For Vallee, UFOs are real, and the people who claim to have seen them and even to have been abducted by their occupants are, for the most part, serious and responsible persons who are telling the truth. But as to just what UFOs are and where their occupants come from, Vallee honestly admits that he doesn't know. He does not, however, think that they are spaceships carrying "Space Brothers" from an advanced galactic civilization who have come here to miraculously resolve all human problems, and to help us clean up the mess that we have made of the planet and our lives. But he is seriously concerned that so many people, and not just UFO cultists, are beginning to embrace such a naive and simplistic salvationist belief. In this belief he detects the beginnings of a religious movement which could end up sweeping away existing institutions and lead to very grim consequences for mankind, not the least of which would be the loss of all freedoms.
People to day are tired of the lies and coverups and corruption of government. They are tired of the arrogance and hypocrisy and evasions of official science. They are tired of the wastefulness of the military. They are tired of the depredations of big business. They are ready for change, and many would be only too happy if a tall, handsome, and golden-haired "Space Brother" were to land on earth with the message: "Follow me, and all will be well."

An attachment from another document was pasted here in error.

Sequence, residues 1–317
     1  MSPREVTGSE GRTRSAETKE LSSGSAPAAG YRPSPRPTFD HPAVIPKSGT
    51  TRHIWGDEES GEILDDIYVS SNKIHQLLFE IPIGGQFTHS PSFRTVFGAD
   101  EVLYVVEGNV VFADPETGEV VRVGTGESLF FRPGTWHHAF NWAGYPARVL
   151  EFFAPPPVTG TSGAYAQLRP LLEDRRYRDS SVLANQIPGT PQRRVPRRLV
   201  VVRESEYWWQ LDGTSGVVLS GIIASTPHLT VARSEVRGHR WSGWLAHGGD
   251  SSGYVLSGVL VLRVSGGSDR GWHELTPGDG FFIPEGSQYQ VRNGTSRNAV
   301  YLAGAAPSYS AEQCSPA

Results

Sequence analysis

In his thorough investigation of the UFO phenomenon, Vallee seems to detect a pattern. UFOs have made complete fools of our governments, which seem to have nothing meaningful to say about them; of our military, which cannot catch them; and of official science, which cannot provide any explanation of the advanced science at work behind them. All three authorities are furiously pretending that UFOs do not exist, while desperately wishing they would go away. It is, Vallee feels, almost as if we were being conditioned by UFOs to despise earthly authorities of every kind, and to ready ourselves to embrace a new Alien leader or 'Messiah.' But where would this 'Messiah' have come from?